Pianist Christian Li and guitarist Mike Bono have worked together in various capacities for almost a decade, making the release of an album co-led by the NYC-based duo a natural next step. A set of originals split between them, Visitors is thus both a celebration of the past and a harbinger of a presumably shared future. Helping Li and Bono realize their vision are violinist Alex Hargreaves, tenor saxophonist Dayna Stephens, upright bassist Jared Henderson, and drummer Lee Fish (Jimmy Macbride subs on two tracks). It’s worth noting that Hargreaves and Stephens appear separately on two and three, respectively, of the nine tracks, a detail of some ultimate significance to the impression left by the release.
The co-leaders’ compositions are marked by distinct personality and give the players ample material with which to operate. Though the tracks aren’t improvisations in the pure sense, there’s certainly much room for individual expression and soloing, and the performances exude the high energy of a live performance. Bono’s “Puddles” opens the album with an authoritative performance by the band, Stephens on hand and Fish powering the tune aggressively. A languorous intro precedes the full band’s playing, however, with fluid, finger-style patterns by the guitarist offering a warm base for the saxophonist’s musings. “Puddles” proves to be one of the album’s most enticing tunes melodically in the way the composition develops that opening episode into a performance that breezily segues between early morning splendour and wide-eyed euphoria. As happens elsewhere on the recording, the leaders cede the primary soloing spot to their guest, Stephens in this instance taking full advantage of the opportunity to establish himself, even if Bono follows his turn with a mellifluous one of his own. The rousing title track and “Awake” are also elevated by the saxophonist’s singing expressions and the ever-propulsive swing of the Fish-and-Henderson pairing.
Li’s “Little Rascals” switches up the ensemble sound by featuring violin in place of sax. The pianist takes the first solo, a wild, keyboard-spanning exploration that’s shadowed by the others’ equally aggressive accompaniment, until Hargreaves steps forth, the band again following his lead with a texturally focused backing before a frenetic restatement of the opening theme. The violinist blends with Bono seamlessly in the warm unison statements that open the guitarist’s “Tango,” an alluring eight-minute showcase for the ensemble’s melodious side; the track also serves as a good representation of his style, which eschews distortion and extreme volume for a style marked by euphony. A dramatically different Li-Bono band emerges in the pianist’s “Space Invaders” when Li embellishes the rapid-shifting sound design with synthesizer textures, while the swoon-inducing ballad “Moon Over New Kent” grants the listener a better opportunity to appreciate the co-leaders’ talents as improvisers when Hargreaves and Stephens sit out.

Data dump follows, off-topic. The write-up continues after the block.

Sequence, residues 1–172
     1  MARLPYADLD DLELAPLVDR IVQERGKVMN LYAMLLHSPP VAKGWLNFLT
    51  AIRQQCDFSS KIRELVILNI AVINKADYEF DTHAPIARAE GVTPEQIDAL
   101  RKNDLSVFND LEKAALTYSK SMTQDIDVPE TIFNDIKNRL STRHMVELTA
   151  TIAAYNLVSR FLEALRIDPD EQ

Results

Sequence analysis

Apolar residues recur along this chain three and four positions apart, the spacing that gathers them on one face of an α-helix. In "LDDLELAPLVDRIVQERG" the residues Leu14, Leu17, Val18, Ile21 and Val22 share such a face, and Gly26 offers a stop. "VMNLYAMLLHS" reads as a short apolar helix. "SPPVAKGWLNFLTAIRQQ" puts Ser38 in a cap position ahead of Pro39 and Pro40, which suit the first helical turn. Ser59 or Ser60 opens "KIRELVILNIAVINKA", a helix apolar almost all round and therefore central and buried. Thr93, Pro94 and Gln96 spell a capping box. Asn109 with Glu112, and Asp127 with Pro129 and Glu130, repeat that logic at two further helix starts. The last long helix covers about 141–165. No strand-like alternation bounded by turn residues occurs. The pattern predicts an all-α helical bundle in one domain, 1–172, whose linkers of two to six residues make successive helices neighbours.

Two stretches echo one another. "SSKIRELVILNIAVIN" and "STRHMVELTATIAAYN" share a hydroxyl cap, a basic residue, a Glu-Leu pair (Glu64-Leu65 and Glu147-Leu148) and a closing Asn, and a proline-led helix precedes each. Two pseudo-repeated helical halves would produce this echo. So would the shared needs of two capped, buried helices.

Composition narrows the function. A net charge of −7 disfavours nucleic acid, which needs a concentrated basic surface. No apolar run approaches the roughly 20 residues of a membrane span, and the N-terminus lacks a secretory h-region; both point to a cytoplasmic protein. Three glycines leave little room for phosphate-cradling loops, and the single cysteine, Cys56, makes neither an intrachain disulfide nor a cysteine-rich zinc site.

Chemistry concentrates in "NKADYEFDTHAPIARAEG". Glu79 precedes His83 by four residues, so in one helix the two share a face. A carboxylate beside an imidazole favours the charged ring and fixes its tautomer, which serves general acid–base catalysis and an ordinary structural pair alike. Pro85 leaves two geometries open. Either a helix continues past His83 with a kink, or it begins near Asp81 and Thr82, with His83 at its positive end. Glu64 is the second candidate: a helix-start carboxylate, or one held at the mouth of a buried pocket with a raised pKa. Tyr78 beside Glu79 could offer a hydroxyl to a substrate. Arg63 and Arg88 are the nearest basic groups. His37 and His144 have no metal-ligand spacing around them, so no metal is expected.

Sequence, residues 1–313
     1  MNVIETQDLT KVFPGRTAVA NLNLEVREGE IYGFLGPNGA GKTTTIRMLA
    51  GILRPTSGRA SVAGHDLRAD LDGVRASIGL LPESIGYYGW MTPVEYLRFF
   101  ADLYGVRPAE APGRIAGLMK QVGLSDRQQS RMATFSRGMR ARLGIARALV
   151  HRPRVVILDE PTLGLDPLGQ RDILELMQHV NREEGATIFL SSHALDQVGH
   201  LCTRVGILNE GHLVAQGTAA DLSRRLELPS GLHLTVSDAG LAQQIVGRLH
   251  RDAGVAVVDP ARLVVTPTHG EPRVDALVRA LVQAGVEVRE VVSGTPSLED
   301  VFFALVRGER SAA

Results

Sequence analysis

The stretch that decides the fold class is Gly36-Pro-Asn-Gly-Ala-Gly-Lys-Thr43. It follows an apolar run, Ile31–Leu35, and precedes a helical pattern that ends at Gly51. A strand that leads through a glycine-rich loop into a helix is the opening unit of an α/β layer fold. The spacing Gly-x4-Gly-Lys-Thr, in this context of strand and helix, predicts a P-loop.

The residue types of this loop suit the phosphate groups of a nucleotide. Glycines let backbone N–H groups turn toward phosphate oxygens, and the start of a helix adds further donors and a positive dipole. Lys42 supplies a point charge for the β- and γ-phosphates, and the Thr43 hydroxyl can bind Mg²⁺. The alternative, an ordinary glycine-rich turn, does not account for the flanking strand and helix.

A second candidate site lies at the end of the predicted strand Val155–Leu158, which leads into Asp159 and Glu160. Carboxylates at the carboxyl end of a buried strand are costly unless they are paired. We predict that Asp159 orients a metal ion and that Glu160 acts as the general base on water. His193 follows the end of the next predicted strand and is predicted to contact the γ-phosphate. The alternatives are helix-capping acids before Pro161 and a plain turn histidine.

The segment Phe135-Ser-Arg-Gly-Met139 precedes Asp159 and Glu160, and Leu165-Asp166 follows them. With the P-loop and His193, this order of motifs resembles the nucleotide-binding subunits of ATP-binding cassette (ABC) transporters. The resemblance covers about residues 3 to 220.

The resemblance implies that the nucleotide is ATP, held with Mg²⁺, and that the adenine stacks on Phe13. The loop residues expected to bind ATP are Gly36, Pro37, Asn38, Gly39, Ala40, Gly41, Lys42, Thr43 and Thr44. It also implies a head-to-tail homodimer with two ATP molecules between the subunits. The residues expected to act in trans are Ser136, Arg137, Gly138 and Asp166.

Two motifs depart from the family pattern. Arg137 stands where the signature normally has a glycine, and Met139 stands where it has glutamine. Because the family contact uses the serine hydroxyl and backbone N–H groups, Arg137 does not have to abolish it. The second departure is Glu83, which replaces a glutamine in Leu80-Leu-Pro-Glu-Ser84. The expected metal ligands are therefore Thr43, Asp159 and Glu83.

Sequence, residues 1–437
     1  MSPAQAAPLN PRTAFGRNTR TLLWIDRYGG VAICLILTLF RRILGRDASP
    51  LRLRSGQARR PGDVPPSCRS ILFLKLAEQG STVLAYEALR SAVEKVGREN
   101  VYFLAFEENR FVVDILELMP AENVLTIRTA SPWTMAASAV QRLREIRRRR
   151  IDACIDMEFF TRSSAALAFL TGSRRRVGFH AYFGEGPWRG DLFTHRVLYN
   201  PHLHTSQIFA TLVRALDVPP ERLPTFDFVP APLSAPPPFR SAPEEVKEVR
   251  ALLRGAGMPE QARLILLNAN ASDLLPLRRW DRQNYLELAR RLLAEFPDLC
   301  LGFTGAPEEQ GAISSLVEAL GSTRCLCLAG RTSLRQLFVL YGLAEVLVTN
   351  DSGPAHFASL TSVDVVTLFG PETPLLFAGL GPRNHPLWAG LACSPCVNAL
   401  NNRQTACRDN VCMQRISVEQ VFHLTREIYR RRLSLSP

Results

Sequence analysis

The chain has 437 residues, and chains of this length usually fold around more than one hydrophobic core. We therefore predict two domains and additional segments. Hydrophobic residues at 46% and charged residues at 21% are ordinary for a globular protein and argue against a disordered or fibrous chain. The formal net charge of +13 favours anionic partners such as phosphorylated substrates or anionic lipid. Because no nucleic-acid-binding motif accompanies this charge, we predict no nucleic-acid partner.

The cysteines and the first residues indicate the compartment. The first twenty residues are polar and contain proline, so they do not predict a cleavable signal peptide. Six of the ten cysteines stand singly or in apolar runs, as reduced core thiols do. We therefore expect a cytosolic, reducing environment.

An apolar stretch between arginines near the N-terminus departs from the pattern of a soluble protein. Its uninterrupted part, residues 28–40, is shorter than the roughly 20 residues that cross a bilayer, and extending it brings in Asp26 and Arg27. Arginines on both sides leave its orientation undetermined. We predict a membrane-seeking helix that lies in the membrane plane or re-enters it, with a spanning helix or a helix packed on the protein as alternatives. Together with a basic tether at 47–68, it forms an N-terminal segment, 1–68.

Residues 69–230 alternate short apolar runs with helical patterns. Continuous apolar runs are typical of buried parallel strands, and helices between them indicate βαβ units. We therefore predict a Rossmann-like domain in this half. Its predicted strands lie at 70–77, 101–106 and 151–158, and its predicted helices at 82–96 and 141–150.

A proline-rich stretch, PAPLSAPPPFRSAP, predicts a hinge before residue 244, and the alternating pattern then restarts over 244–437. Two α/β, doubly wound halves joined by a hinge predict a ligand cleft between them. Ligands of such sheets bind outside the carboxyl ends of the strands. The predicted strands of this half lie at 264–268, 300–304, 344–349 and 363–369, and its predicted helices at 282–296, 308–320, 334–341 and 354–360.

Throughout Visitors, musicianship is at a high level, and the writing and performances impress, too. If anything weakens the set, though, it’s uniformity. Hargreaves and Stephens are such dominant presences, the ensemble feels like distinct units when they respectively appear; further to that, on the tracks where they don’t play, the ensemble assumes a different character again. Had Hargreaves and Stephens played on the same tracks and perhaps throughout the album, a more cohesive set would have resulted; alternately, the co-leaders could have omitted them and fashioned Visitors as a quartet recording, though it wouldn’t have benefited from their considerable gifts as a result. As weaknesses go, however, it’s a rather small one that certainly doesn’t argue against the calibre of the performances on a track-by-track basis.